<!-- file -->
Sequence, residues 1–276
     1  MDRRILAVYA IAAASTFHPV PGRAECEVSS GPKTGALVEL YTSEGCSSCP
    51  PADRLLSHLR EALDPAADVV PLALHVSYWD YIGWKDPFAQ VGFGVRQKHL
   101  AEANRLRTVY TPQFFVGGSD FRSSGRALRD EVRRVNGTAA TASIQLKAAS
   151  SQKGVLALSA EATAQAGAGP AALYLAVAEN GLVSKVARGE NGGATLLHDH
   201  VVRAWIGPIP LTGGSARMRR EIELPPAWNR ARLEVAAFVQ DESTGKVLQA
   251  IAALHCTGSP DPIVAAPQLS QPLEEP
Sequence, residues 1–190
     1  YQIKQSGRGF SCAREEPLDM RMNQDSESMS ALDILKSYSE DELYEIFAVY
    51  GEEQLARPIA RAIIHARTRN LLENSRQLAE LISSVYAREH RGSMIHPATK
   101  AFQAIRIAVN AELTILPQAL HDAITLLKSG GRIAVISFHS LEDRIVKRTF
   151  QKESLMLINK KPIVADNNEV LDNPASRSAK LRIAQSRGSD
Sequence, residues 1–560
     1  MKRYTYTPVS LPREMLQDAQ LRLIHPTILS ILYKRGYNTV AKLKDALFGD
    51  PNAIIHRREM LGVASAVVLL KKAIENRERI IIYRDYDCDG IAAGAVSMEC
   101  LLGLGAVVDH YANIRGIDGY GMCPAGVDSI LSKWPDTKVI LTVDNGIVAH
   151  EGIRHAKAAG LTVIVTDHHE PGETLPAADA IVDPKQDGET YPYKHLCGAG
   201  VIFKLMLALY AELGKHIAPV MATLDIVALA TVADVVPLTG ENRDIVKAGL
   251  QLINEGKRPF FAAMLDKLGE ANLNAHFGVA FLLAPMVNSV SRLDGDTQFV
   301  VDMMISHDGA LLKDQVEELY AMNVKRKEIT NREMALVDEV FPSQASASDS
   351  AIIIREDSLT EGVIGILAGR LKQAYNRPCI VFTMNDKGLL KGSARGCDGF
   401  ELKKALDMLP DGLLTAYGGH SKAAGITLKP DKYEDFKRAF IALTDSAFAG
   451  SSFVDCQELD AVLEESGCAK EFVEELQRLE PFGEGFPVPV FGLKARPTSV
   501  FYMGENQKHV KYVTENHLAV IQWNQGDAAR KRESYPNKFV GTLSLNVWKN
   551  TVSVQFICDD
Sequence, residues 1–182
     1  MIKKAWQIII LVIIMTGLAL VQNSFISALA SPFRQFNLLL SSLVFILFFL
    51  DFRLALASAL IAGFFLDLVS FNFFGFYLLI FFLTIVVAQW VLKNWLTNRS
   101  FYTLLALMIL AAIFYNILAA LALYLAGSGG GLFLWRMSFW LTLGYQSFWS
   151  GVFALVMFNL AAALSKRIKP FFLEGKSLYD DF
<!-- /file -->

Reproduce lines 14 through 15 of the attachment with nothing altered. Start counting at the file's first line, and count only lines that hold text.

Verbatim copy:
     1  MKRYTYTPVS LPREMLQDAQ LRLIHPTILS ILYKRGYNTV AKLKDALFGD
    51  PNAIIHRREM LGVASAVVLL KKAIENRERI IIYRDYDCDG IAAGAVSMEC